Can social networking exist in a vacuum?
I read a lot of blogs lately talking about how social networking is single-handedly lowering the real-life social skills of an entire generation, that it hampers effective social change, that it kills productivity. At the same time, I read articles about the miracle of social networking, how it’s keeping people connected and helping form new connections in both our personal and business lives by bringing niches together without geographic constraints. What is undeniable is that connecting is important, that the bonds we form personally can be used to further our business goals, and that the people we meet in the workplace or through business networking can become part of our personal lives.
With all of the hype surrounding social networking, the articles on weak ties, etc. I wonder what good social networking actually is if you don’t have the opportunity to meet any of the people you are connecting with. For example, CoolPeopleCare blogger Sam Davidson recently visited Madison to meet with Modite blogger Rebecca Thorman. Employee Evolution bloggers Ryan Paugh and Ryan Healy moved from New Jersey to Wisconsin to co-found a company with BrazenCareerist author and blogger Penelope Trunk. What is it about the personal contact of meeting someone in person? There is something undeniable about that face-to-face connection solidifying what you’ve built up via social networks.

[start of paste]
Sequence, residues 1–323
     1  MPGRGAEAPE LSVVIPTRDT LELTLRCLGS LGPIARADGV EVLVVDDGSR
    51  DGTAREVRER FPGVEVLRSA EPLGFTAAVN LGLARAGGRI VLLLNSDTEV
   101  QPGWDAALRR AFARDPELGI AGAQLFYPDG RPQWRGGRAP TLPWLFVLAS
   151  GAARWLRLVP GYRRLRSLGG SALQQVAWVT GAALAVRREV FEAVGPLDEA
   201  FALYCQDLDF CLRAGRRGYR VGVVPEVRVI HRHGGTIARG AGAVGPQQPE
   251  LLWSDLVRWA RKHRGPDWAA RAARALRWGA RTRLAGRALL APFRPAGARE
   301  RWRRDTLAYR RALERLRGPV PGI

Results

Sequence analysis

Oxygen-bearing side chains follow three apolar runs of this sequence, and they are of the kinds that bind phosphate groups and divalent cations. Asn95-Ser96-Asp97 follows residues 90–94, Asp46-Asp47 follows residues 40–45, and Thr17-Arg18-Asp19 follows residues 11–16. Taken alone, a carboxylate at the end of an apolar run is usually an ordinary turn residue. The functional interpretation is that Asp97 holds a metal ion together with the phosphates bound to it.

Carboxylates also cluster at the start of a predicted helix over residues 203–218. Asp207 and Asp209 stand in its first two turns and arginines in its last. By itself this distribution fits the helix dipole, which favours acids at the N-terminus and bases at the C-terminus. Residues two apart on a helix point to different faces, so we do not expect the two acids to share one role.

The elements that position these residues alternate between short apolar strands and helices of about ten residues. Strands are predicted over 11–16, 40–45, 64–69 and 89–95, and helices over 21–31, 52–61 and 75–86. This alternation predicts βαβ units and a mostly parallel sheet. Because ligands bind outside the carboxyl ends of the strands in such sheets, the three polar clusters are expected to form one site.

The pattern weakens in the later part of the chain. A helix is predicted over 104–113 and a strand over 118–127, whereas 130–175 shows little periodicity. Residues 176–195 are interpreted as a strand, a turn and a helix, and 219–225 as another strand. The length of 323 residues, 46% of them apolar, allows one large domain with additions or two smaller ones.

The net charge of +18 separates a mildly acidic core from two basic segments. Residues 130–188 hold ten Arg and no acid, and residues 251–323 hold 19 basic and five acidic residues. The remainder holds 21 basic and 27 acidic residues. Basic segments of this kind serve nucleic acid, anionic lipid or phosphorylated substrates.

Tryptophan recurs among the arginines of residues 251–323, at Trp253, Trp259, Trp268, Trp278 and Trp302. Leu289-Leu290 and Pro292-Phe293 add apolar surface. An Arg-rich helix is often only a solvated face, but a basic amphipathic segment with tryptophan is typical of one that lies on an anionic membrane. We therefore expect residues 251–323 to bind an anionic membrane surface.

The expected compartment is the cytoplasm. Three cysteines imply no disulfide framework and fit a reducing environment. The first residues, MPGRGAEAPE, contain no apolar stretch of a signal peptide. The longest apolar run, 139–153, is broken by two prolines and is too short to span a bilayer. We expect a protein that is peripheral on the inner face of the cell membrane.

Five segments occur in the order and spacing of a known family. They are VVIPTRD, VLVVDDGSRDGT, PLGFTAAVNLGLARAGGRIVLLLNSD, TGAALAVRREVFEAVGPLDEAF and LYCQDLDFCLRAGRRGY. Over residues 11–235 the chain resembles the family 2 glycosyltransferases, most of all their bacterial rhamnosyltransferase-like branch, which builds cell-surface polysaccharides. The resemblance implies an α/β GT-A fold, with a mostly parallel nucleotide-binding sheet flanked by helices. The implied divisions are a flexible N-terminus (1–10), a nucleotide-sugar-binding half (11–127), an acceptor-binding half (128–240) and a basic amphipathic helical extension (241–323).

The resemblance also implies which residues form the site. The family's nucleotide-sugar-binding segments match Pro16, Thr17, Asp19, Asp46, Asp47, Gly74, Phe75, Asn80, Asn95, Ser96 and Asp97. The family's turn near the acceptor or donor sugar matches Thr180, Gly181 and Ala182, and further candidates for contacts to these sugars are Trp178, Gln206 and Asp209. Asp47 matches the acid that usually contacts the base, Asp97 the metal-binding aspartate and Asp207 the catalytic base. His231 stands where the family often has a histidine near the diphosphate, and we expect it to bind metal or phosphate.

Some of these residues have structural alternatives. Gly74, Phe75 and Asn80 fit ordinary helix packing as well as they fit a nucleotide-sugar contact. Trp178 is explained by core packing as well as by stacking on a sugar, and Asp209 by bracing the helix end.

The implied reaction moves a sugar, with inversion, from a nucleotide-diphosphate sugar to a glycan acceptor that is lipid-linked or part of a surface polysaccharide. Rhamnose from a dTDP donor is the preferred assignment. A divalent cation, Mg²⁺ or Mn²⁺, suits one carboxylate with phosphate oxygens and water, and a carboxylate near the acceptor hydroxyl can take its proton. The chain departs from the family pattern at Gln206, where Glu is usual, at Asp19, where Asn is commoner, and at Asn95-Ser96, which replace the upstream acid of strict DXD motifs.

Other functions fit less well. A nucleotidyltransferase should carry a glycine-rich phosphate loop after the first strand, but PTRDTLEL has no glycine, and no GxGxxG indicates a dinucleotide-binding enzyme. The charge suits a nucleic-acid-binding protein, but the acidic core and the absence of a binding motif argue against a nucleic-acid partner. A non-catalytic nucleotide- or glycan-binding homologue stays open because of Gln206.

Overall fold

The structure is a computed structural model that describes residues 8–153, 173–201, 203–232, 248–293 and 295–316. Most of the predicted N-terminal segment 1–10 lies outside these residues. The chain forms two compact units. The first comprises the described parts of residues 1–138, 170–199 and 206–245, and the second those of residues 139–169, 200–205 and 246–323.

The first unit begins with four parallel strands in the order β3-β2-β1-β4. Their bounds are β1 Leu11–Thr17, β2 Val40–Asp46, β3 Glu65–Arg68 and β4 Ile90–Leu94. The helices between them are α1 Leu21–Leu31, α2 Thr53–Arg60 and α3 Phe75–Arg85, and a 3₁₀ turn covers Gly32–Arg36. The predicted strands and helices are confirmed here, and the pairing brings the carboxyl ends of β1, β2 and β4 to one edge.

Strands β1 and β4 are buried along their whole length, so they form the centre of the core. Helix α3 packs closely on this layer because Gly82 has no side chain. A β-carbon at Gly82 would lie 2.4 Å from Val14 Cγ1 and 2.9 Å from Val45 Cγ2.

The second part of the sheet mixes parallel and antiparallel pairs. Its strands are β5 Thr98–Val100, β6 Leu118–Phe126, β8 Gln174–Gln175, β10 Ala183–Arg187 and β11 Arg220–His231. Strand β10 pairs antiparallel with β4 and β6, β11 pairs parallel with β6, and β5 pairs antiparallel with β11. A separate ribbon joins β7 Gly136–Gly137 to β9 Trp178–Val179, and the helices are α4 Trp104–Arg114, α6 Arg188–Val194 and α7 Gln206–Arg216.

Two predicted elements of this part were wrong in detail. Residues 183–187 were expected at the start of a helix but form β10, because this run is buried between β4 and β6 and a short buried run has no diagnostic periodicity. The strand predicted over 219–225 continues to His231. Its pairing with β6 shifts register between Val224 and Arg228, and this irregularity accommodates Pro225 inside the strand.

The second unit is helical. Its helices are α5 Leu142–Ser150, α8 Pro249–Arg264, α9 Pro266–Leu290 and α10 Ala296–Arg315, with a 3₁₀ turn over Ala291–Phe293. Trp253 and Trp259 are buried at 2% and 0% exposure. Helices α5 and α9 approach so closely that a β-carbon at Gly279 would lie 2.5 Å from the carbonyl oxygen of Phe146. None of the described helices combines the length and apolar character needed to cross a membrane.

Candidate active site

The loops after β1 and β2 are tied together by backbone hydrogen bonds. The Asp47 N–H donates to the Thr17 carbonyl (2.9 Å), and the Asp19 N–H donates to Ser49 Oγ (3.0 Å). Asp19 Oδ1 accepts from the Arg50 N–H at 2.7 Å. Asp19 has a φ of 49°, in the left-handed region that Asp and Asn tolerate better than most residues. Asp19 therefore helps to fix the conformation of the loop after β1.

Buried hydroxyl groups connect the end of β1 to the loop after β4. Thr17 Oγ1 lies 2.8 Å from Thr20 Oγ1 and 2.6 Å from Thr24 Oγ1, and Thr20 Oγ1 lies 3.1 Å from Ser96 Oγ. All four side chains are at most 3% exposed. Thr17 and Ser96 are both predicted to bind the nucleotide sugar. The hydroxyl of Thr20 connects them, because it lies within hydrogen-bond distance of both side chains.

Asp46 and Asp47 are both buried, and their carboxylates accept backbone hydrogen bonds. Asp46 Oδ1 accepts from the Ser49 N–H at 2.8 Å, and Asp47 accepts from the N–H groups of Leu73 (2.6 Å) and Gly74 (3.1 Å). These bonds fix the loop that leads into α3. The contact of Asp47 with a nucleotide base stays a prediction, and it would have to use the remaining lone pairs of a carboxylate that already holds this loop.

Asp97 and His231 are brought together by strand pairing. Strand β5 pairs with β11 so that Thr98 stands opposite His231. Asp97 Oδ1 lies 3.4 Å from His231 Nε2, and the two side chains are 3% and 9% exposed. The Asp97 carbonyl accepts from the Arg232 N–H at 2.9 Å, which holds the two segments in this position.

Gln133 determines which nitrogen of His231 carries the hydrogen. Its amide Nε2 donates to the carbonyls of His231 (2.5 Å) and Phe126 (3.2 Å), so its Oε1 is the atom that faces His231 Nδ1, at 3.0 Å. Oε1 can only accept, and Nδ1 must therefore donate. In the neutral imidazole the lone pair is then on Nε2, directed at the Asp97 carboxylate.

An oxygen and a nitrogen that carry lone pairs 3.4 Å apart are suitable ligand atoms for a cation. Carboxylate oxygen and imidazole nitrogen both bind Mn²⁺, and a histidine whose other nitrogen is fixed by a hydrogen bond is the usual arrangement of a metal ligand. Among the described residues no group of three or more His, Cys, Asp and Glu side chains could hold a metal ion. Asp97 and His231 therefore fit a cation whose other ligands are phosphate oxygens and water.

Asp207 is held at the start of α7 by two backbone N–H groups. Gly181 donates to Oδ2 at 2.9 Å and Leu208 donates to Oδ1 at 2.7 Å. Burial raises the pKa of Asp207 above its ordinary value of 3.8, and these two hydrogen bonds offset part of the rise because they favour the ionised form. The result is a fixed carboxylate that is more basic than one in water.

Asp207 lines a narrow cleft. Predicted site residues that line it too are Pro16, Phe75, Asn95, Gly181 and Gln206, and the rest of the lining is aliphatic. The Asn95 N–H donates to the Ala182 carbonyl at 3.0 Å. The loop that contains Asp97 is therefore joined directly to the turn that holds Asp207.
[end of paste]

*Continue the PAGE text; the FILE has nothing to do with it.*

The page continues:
Perhaps there is a bit of jealousy that runs through me that these groups of bloggers have the opportunity to work in such close proximity to one another, or at least fly to each other. Groups breed creativity and allow ideas to grow. I’ve also blogged about accountability partners and how being around one or a group of like-minded individuals who are striving toward goals as well can keep you moving forward, increasing productivity and helping you meet your goals faster.
I live in mid-sized town in south Texas. For those of you in big cities, mid-sized means about 300,000 people. That’s pretty small. Not being from Texas and not having a lot of the same political, religious or social ideals as most people in my area compounds the problem. It’s near impossible to search out people who have similar goals (OK, any goals) whom I can connect with. Granted, social networking has allowed me to reach out to other people like myself, including those I mentioned above, and to keep up with the ones I meet who move away.
At some point, though, I do see myself meeting with the ones I form stronger-than-weak ties with via social networking, which is what brings to me back to the original question. Can social networking effectively exist in a vacuum? Or, is it necessary at some point in the relationship to make face-to-face contact?